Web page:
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Urol Res. 2010 Dec;38(6):421-7. doi: 10.1007/s00240-010-0328-8. Epub 2010 Nov 6.

Nephrocalcinosis: re-defined in the era of endourology.

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Vanderbilt University Medical Center, Department of Urologic Surgery, A-1302 Medical Center North, Nashville, TN 37232, USA.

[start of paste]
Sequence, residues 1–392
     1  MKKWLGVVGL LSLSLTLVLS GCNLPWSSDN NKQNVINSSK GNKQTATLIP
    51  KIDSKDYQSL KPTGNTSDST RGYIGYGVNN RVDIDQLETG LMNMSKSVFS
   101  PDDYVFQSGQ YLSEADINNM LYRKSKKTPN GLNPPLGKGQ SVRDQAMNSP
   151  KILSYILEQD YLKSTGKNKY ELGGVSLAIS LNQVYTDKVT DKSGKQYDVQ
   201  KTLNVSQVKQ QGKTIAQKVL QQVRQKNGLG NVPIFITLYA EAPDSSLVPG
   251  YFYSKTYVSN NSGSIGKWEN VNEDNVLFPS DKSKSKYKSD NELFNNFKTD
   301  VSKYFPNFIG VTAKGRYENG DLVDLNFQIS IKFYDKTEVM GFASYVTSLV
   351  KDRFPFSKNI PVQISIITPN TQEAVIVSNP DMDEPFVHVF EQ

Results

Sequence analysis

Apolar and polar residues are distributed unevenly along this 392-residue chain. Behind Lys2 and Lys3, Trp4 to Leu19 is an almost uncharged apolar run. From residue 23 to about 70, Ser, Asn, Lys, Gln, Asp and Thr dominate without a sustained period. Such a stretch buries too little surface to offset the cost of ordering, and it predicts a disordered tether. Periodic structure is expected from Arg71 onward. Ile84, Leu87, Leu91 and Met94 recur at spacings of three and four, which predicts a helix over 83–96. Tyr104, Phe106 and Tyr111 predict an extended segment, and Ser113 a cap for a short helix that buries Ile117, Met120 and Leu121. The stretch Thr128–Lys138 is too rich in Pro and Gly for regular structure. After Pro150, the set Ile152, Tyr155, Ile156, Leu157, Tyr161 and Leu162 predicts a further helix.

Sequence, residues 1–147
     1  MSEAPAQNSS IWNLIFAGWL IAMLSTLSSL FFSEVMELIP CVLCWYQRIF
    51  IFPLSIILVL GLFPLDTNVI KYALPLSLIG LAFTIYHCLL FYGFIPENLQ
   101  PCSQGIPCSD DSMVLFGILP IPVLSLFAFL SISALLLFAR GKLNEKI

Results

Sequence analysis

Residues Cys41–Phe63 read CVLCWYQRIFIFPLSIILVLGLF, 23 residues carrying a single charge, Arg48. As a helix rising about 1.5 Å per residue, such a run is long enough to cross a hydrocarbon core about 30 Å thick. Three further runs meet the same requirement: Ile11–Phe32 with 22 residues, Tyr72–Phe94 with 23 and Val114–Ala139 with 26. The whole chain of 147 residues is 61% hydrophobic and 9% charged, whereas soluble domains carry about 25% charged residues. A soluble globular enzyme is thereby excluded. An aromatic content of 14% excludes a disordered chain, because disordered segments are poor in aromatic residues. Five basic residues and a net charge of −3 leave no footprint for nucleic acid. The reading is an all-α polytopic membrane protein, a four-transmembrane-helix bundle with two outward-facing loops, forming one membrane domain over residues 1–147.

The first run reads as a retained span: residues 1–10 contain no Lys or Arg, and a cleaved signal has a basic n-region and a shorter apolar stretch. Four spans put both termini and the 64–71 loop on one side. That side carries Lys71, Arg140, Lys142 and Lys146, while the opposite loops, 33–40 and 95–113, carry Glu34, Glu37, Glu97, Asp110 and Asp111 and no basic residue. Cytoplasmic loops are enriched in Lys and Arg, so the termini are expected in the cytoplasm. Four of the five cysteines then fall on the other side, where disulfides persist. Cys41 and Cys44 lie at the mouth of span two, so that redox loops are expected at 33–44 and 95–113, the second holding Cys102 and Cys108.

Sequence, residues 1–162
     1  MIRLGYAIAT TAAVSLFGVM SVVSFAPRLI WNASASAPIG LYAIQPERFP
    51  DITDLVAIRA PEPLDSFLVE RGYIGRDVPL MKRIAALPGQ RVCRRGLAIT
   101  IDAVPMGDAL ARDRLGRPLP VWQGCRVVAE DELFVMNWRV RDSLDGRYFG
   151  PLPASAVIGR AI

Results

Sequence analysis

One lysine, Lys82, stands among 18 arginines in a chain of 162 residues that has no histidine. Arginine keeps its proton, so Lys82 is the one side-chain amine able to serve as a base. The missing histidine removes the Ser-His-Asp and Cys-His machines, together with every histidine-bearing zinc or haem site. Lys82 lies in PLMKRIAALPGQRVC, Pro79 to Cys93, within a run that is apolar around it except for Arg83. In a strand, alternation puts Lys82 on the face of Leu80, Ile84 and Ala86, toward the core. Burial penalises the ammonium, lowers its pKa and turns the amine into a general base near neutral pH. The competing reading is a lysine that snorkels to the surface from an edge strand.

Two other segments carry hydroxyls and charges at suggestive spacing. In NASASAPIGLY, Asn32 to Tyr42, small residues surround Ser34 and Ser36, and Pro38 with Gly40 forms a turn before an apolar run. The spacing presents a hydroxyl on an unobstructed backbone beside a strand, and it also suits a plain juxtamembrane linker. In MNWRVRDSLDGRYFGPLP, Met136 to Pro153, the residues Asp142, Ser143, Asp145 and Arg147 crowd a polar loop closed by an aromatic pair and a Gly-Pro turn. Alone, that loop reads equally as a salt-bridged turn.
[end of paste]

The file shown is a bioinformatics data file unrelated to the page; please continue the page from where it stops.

Nephrocalcinosis generally refers to the presence of calcium salts within renal tissue, but this term is also used radiologically in diagnostic imaging in disease states that also produce renal stones, so that it is not always clear whether it is tissue calcifications or urinary calculi that give rise to the characteristic appearance of the kidney on x-ray or computed tomography (CT). Recent advances in endoscopic imaging now allow the visual distinction between stones and papillary nephrocalcinosis, and intrarenal endoscopy can also verify the complete removal of urinary stones, so that subsequent radiographic appearance can be confidently attributed to nephrocalcinosis. This report shows exemplary cases of primary hyperparathyroidism, type I distal renal tubular acidosis, medullary sponge kidney, and common calcium oxalate stone formation. In the first three cases--all being conditions commonly associated with nephrocalcinosis--it is shown that the majority of calcifications seen by radiograph may actually be stones. In common calcium oxalate stones formers, it is shown that Randall's plaque can appear as a small calculus on CT scan, even when calyces are known to be completely clear of stones. In the current era with the use of non-contrast CT for the diagnosis of nephrolithiasis, the finding of calcifications in close association with the renal papillae is common. Distinguishing nephrolithiasis from nephrocalcinosis requires direct visual inspection of the papillae and so the diagnosis of nephrocalcinosis is essentially an endoscopic, not radiologic, diagnosis.

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